The Constant Self Is Real

When feelings such as loneliness, loss, and placelessness assail them, people often get into serious emotional trouble. It is interesting to note that, when some people experience such feelings, they do not turn inward for an explanation of their own emotions. They do not even turn to psychology or philosophy, external knowledge bases which would give them some inkling of what is happening to them and are therefore relevant to their condition. Instead, they turn to spiritual belief systems. With Christianity, the West’s traditional religion, now fallen from favour, troubled individuals feel they must look elsewhere for spiritual comfort and understanding. With increasing regularity, they turn to godless belief systems such as Buddhism and Taoism. The absence of any moralizing god and the possibility of solitary spiritual practice are powerful attractions. That is, people prefer a godless belief system with no churches or temples and no organized religious service. We might call this, “do it yourself” spirituality.

Tarot card showing the emperor on his throne

The authentic self is real, constant, and stable. Once found and accepted, it can provide a centre, still point, and anchor in life. (Image: public domain.)

Unfortunately, there is a problem here. While the more subtle points of Buddhism and Taoism may be unknown to them, most people are aware that these Oriental belief systems are short on knowledge and long on paradox. Everyone has heard of the puzzling koan. Even allowing for people’s ignorance, choosing Buddhism or Taoism suggests a wilful dismissal of reason, logic, and rationality (long held in high regard in the West) in favour of ignorance and irrationality. Increasingly, we choose arbitrary subjectivity over objectivity.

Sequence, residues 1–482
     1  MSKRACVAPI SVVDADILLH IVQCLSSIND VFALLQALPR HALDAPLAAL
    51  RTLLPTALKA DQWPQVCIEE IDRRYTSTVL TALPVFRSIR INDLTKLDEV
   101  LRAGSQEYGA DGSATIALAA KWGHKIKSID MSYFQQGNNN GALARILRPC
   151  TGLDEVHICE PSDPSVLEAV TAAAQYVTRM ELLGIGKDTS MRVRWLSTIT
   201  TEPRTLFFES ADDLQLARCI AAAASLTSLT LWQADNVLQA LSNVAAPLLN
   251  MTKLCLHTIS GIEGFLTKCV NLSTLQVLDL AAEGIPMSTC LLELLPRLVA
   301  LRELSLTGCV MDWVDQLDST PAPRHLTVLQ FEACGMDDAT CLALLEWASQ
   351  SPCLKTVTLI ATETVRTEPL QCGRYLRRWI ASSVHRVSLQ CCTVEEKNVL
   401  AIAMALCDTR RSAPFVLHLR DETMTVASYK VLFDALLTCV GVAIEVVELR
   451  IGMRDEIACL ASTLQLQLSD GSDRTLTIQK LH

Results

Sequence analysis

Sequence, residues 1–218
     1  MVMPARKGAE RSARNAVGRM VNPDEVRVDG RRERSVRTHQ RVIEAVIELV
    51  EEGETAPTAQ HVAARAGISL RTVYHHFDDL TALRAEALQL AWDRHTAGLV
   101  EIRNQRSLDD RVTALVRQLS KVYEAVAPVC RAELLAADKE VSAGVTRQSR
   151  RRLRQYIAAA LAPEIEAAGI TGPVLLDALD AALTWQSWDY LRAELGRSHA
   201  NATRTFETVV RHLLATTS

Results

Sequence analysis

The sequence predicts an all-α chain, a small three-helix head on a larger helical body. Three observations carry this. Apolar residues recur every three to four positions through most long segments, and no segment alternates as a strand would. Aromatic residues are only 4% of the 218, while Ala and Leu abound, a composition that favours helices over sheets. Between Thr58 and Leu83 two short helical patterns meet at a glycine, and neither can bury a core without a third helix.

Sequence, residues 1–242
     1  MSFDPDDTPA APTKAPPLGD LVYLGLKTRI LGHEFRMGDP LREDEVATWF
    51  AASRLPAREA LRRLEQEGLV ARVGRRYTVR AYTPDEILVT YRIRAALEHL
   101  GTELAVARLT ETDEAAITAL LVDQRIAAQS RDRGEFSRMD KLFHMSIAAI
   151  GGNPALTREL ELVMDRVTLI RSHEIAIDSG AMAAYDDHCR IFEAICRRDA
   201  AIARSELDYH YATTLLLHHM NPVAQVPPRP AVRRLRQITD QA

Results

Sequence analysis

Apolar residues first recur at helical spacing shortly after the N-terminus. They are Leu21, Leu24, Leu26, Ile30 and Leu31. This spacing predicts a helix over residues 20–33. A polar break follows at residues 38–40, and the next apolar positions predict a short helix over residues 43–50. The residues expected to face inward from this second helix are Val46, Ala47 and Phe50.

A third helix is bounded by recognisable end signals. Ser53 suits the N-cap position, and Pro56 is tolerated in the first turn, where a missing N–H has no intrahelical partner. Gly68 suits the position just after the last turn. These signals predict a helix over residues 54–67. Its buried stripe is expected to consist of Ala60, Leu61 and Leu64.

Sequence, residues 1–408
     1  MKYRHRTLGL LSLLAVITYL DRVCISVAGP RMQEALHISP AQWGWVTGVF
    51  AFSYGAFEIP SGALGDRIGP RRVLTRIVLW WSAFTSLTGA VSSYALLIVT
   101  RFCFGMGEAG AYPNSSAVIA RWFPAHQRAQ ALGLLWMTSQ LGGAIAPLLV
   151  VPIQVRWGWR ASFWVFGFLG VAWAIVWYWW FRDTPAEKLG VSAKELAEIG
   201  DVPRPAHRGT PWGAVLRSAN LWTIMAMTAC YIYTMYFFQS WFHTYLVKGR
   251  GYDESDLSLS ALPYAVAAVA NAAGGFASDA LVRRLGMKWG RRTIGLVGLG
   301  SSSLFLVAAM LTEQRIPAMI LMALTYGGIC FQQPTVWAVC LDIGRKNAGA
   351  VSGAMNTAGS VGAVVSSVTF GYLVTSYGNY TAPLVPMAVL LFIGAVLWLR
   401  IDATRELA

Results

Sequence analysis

Quoting Lao Tsu: “In the pursuit of knowledge, every day something is added. In the practice of the Tao, every day something is dropped.” The goal is to become a “know-nothing.” Paradoxically, according to the practitioners of Buddhism and Taoism, this progressive ignorance is actually the road to enlightenment. In reality, there are no such things as paradoxes. Quite obviously, they cannot exist. When faced with a paradox, you have not discovered something profound; you have simplified the situation to the point where it no longer makes any sense. You have made a mistake. When you add back the appropriate details and qualifiers, you dispel the simplistic mystical paradox.

Why choose these Oriental belief systems? People who make the choice have no concept of their own (already existing) inner resources and strengths. Our lack of knowledge in this area is one of the world’s great failings. What we are talking about here, in its most basic form, is the psychological concept of self.

Now, the most striking aspect of the self is its constancy. The self is home to our most vital emotionally important ideas and subjectively formed guiding principles. These are established by our genes interacting with our early childhood environment and stay with us throughout our lives. They form the basis of our genuine personal worldview.